It is a sad indictment of modern society that Government plans to ban energy drinks for children in England have been deemed necessary, but the move is likely to prove beneficial to the nation’s future health.
Youngsters in the UK reportedly consume more of the high-caffeine, sugar-loaded drinks than other children in Europe, with excessive consumption linked to a host of health and behaviour problems, from headaches to hyperactivity.
Common sense suggests responsibility for tackling this problem begins at home, with parents ensuring their children do not drink such products. However, that can be easier said than done when older children are out with their friends or on their way to or from school. There is equally an important question around how widespread public knowledge actually is about the potentially-negative impact of these drinks on young people.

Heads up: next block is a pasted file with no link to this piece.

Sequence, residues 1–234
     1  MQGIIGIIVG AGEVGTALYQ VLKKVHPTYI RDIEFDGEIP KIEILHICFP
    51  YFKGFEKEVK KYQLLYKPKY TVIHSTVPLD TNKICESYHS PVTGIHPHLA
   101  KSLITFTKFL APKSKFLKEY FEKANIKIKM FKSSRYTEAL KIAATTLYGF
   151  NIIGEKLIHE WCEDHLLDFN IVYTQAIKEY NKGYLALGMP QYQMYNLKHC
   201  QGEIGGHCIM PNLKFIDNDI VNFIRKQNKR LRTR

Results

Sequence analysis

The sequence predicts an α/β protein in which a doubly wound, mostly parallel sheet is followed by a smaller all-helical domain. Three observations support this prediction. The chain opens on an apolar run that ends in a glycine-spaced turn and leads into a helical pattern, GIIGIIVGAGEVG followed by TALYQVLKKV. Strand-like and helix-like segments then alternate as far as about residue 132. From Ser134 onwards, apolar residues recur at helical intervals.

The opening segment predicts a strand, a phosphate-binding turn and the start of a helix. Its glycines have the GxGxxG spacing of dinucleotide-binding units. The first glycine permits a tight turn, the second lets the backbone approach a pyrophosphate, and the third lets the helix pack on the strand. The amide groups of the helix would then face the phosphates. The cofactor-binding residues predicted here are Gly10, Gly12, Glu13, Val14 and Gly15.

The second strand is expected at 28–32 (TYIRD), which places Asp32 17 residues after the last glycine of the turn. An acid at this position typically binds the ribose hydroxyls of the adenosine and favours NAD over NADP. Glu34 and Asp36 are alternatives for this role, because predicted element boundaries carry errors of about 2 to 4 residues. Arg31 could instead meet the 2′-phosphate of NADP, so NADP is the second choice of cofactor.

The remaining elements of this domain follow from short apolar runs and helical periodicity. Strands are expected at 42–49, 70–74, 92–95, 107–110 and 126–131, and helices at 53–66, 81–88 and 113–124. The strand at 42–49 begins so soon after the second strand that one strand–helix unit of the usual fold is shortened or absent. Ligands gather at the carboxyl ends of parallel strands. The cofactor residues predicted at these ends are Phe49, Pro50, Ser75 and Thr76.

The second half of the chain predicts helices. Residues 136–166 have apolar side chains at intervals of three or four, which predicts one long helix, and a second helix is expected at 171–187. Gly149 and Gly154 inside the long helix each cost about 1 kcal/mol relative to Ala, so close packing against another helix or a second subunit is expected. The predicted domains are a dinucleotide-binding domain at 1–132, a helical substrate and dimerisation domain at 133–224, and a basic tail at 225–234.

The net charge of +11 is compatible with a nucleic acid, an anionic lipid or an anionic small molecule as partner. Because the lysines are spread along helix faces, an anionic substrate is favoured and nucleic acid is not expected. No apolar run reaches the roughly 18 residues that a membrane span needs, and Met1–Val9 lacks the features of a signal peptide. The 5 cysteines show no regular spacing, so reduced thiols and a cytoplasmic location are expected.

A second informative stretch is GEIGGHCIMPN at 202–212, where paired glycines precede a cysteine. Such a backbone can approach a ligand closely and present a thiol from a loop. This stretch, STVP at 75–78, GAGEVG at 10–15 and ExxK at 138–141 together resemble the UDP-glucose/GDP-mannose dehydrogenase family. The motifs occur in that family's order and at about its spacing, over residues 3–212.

While there may be legitimate concerns about the creeping influence of the ‘nanny state’ dictating what people eat and drink, it is also worth considering recent Government interventions that have made a genuine and positive difference. These most notably include the plummeting use of single-use plastic carrier bags through the introduction of a 5p charge, as well as the implementation of a sugar tax in April that has led many drinks brands to focus on low-sugar recipes.
But with the Government’s plans now out to a 12-week consultation and some way off becoming law, families should spare no time in taking their own steps to reduce their children’s consumption.